Study Of Birds:
Cemeteries As Bird Sanctuaries
Berries And Fruits For Birds
Teaching Bird Study
Bird Study Class
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( Originally Published Early 1900's )
The interest in the subject of bird sanctuaries is growing every day; in fact, all America is now planning new homes for her birds—homes where they may live with unrestricted freedom, where food and lodging in abundance, and of the best, will be supplied, where bathing-pools will be at their service, where blossoming trees will welcome them in the spring and fields of grain in the fall, quiet places where these privileges will bring to the birds much joy and contentment. Throughout this country there should be a concerted effort to convert the cemeteries, the homes of our friends who have gone away, into sanctuaries for the bird life of this land. And what isolated spots could be more welcome to the birds than these places that hold so many sad memories for human beings?
No place in the world ought to speak more forcibly to us of the Resurrection than the cemeteries of our land. In them we should hear inspiring bird songs, notice the nesting of birds, and the little ones preparing for their flight into the world. There we should find beautiful flowers and waving grain, typical of that spiritual harvest which should be associated in our minds with comfort and peace.
A Birdless Cemetery.—I visited, not long ago, one of the old-time cemeteries, the pride of a neighbouring city. It was indeed a place of beauty to the eye; but to my mind there is always something flat and insipid about a landscape lacking the music of singing birds. Therefore I looked and listened for my feathered friends. Some English Sparrows flew up from the drive, and I heard the rusty hinge-like notes of a small company of Purple Grackles that were nesting, I suspected, in the pine trees down the slope, but of really cheerful bird life there appeared to be none in this artificially beautified, forty-acre enclosure. There is no reason to suppose that, under normal conditions, birds would shun a cemetery any more than does the traditional graveyard rabbit.
It was not dread of the dead, such as some mortals have, that kept the song birds from this place; it was the work of the living that had driven them away. From one boundary to another there was scarcely a yard of underbrush where a Thrasher or Chewink might lurk, or in which a Redstart, or a dainty Chestnut-sided Warbler, might place its nest. Not a drop of water was discoverable, where a bird might slake its thirst. Neither in limb nor bole was there a single cavity where a Titmouse, Wren, or Bluebird might construct a bed for its young. No fruit-bearing trees were there to invite the birds in summer; nor, so far as I could see, any berry-bearing shrubs such as birds enjoy, nor any weed patches to attract the flocks of Whitethroats and Juncos that come drifting southward with the falling leaves of autumn.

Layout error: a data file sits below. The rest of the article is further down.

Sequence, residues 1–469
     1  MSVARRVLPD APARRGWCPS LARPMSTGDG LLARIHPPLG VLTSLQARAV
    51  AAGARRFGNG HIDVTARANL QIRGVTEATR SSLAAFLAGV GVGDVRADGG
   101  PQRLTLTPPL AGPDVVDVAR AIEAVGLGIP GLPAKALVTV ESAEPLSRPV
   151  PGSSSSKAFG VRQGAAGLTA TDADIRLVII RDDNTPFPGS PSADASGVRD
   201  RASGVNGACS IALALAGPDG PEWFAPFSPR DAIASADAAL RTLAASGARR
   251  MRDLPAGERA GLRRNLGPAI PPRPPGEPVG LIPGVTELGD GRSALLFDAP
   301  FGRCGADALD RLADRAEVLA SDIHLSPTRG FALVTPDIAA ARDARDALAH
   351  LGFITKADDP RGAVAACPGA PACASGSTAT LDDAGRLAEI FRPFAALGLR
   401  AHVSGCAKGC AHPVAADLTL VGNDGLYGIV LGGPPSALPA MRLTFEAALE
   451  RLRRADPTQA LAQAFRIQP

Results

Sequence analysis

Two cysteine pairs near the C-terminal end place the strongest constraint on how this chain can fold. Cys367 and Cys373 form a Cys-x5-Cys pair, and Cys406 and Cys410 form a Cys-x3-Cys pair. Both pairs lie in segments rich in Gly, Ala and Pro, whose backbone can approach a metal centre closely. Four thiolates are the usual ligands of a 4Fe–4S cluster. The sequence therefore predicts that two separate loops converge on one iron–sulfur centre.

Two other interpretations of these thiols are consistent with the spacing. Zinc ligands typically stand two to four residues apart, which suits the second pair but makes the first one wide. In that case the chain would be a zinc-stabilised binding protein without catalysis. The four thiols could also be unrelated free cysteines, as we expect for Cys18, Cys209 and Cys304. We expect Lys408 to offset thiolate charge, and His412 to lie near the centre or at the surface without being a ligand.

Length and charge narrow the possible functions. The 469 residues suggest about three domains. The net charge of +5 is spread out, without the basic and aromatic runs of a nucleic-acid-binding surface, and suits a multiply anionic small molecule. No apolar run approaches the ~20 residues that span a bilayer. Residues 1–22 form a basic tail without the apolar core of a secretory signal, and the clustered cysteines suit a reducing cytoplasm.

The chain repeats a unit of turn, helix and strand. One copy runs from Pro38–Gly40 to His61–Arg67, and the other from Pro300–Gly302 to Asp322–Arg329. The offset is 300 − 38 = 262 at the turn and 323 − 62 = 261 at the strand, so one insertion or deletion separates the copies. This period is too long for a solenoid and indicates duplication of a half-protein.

Had my visit to this place been made late in April, or in May, there might have been a different tale to tell. September might also have yielded more birds than June, for September is a season when the migrants are with us for a time. Then the little voyageurs of the upper air are wont to pause after a night of tiresome flight, and rest for the day in any grove that chances to possess even moderate home comforts.
Birds of a New York Graveyard.—Some time ago B. S. Bowdish made a careful study of the bird life of St. Paul's Churchyard, in New York City. This property is three hundred and thirty-three feet long and one hundred and seventy-seven feet wide. In it is a large church and also a church school. Along one side surge the Broadway throngs. From the opposite side come the roar and rumble of an elevated railway. The area contains, according to Mr. Bowdish, three large, ten medium, and forty small trees. With great frequency for two years, field glass in hand, he pursued his work of making a bird census of the graveyard. No bird's nest re-warded his search, for the place was absolutely destitute of feathered songsters during the late spring and summer, and, with a single exception, he never found a bird there in winter. Yet it is interesting to note that in this noisy, limited area, during the periods of migration, he discovered three hundred and twenty-eight birds, embracing forty species.
Why do not more of the birds that pass in spring tarry in this quiet place for the summer? The answer is that the cemetery has been rendered unattractive to them by the merely human committee in charge of the property.